Thursday 2nd August, 2012
One of the unexpected (and I would suggest from the comments, unwelcome) changes sprung on developers in the Visual Studio 2012 Beta back in February was the "Metroification" of the development environment.
However, eye candy (and eyesores!) come and go, and within that change is a more fundamental one - direct support for themes within the Visual Studio IDE. The Visual Studio 2012 Beta and RC include two themes - light (i.e. grey) and dark. Whilst the latter has an obvious appeal within the developer community (we all know devs who prefer green text on a black background) the former hasn't exactly been welcomed, to say the least.
Personally, rather than develop custom theme support for each tool individually I wish they'd just add a "dark" theme to Windows instead and respect the theme settings of the operating system. Obviously my view just isn't "cool" enough for the Visual Studio UX team, but I digress...
Although a campaign to retain the existing Visual Studio 2010 theme has been running on the UserVoice site since the beta arrived (see the UserVoice posts Add some color to Visual Studio 11 and Leave VS 2010 theme (and the theme editor extension) as an option) Microsoft have not indicated what - if any - changes will be made to the Visual Studio 2012 themes at RTM.
Our working assumption therefore has to be that the themes in the RTM will be broadly comparable with those in the RC (i.e. light and dark). We will find out whether that assumption is correct later this month, of course.
With that in mind, we have been working on theme support in the development branch for Visual Lint for some time now, and things are now beginning to come together:
As Visual Lint uses standard Win32 controls for most of the UI (which for the most part do not support custom text/background colours), to get this far we have had to write custom painted WTL checkbox, radio button, combobox and header controls in addition to the usual
WM_CTLCOLORxxxx voodoo. Other UI elements such as menus, scrollbars, command buttons etc. yet haven't yet been looked at, but hopefully will be in due course (there seems to be some indication in the MSDN blogs that scollbars will be auto-themed by the RTM, but we'll see).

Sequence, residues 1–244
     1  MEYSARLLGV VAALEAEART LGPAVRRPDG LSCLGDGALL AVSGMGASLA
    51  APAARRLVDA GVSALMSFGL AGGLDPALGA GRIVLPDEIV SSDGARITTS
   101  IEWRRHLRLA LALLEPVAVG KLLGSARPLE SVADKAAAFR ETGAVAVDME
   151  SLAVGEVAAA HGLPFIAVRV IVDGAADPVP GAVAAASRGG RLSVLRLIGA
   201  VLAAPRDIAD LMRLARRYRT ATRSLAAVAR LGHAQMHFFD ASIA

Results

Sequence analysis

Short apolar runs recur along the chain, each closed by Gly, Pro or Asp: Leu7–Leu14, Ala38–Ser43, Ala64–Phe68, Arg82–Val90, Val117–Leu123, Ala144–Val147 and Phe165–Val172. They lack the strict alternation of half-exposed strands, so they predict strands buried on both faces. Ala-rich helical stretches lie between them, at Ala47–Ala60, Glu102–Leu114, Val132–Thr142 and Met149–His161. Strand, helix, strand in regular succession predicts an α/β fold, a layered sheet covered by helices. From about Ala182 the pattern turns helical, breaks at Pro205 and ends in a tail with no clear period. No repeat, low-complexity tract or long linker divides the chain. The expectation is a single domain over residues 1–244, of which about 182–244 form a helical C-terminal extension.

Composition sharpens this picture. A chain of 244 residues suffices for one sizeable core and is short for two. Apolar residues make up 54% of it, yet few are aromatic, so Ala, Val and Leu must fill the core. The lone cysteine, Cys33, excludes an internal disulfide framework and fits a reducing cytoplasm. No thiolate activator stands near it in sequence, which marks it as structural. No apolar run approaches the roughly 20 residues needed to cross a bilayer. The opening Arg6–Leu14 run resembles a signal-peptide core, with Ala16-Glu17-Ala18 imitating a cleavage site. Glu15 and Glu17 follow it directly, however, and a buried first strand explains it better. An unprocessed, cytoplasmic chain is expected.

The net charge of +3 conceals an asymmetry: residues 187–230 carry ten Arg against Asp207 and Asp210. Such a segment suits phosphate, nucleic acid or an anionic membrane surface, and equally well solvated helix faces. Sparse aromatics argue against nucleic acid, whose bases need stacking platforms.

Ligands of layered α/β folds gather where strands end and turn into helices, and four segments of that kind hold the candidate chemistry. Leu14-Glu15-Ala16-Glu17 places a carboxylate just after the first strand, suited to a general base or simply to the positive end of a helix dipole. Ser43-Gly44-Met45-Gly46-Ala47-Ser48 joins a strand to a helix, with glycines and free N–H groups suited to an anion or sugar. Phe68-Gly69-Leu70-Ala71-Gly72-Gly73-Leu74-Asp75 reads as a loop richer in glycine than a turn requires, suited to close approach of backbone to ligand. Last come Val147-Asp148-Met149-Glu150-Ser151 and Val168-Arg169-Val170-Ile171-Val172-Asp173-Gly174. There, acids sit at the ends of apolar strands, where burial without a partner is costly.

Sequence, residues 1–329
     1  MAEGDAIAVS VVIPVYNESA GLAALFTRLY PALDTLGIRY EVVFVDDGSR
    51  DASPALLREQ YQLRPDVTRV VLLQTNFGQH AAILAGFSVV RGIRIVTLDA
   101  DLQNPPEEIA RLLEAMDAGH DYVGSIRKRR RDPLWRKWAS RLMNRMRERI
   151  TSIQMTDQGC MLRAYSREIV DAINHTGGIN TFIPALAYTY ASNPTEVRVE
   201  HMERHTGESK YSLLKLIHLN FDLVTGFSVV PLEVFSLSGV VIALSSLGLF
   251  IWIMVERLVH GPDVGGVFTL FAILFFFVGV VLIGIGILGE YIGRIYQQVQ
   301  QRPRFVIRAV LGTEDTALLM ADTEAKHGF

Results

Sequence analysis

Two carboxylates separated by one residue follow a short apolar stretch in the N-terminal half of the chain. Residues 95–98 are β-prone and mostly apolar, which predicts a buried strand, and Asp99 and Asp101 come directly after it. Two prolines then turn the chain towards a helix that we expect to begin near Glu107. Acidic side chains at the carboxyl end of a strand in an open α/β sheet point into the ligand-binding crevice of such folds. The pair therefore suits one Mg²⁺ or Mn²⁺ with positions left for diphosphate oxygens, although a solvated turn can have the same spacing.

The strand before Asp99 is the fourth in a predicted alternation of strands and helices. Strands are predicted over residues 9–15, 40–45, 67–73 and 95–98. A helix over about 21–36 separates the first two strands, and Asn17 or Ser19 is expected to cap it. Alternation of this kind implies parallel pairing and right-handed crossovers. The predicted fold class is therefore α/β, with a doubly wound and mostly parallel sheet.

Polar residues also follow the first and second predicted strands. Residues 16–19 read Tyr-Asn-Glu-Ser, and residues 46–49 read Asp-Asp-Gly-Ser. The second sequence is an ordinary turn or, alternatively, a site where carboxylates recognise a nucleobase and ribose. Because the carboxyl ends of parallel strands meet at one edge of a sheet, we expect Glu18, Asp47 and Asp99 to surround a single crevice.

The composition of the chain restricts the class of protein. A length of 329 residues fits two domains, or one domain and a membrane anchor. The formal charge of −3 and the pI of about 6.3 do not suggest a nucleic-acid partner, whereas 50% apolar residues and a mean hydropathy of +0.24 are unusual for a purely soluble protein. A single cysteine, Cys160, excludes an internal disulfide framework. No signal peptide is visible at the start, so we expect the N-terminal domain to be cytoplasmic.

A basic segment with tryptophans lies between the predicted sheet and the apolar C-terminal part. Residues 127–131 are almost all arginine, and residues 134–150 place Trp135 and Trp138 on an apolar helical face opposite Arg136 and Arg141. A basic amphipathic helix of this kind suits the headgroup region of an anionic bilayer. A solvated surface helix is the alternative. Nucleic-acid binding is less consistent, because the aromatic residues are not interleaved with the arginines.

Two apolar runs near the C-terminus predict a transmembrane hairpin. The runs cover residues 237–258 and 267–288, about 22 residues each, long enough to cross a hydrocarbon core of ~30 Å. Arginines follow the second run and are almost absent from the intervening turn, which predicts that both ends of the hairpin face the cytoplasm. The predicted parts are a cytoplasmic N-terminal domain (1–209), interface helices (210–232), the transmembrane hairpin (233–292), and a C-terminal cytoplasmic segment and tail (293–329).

Within the displays themselves, the text and background colours of each item are checked for adequate contrast, and the text colour adjusted (by tweaking the luminance) automatically if need be.
Although the Visual Studio interfaces expose the colours used in the active theme (via
IVsUIShell2::GetVSSysColorEx()), they do not seem to provide any way of detecting if the theme has changed (or indeed, finding out which theme is actually running at the time). Our workaround for this is simply to reload the colour scheme whenever the "Tools|Options" command has been executed. We don't really care which theme is running after all - just what colour values it uses, and where.
Indeed, one of the first things we did while working on this was to dump all of the colour values used by the Visual Studio 2012 RC light & dark themes, as well as the default Visual Studio 2010 theme, into spreadsheets so we could use them for testing without firing up a host instance of the IDE (developing add-ins may be fun, but it is also much slower than working on your own executable).
Finally, it is a little known fact that the Visual Studio IDE has had colour scheme support internally for some time, so the scheme we have designed will also work with Visual Studio 2010 if you have the theme editor extension installed:
Needless to say, all of this is proving to be a major task, and it has therefore diverted significant resources from other things we should really have been working on this summer. As a consolation, the theme code we're developing is generic (albeit only on Windows), so can also be used with Eclipse 4.0 (I note that themes are coming to that IDE as well when the time comes.
Another obvious benefit is of course that there's potentially at least one new CodeProject article (want a themed XP button with a custom background colour? We know how to do it now) in all of this once the dust settles and the inevitable bugs have crawled away. It's about time I wrote a new one, anyway.
Once Visual Lint theme support is complete, we'll obviously also take a look at ResOrg. Beyond that, I think a new article is a foregone conclusion, once we've cleaned the code up a bit and built a good enough demo project.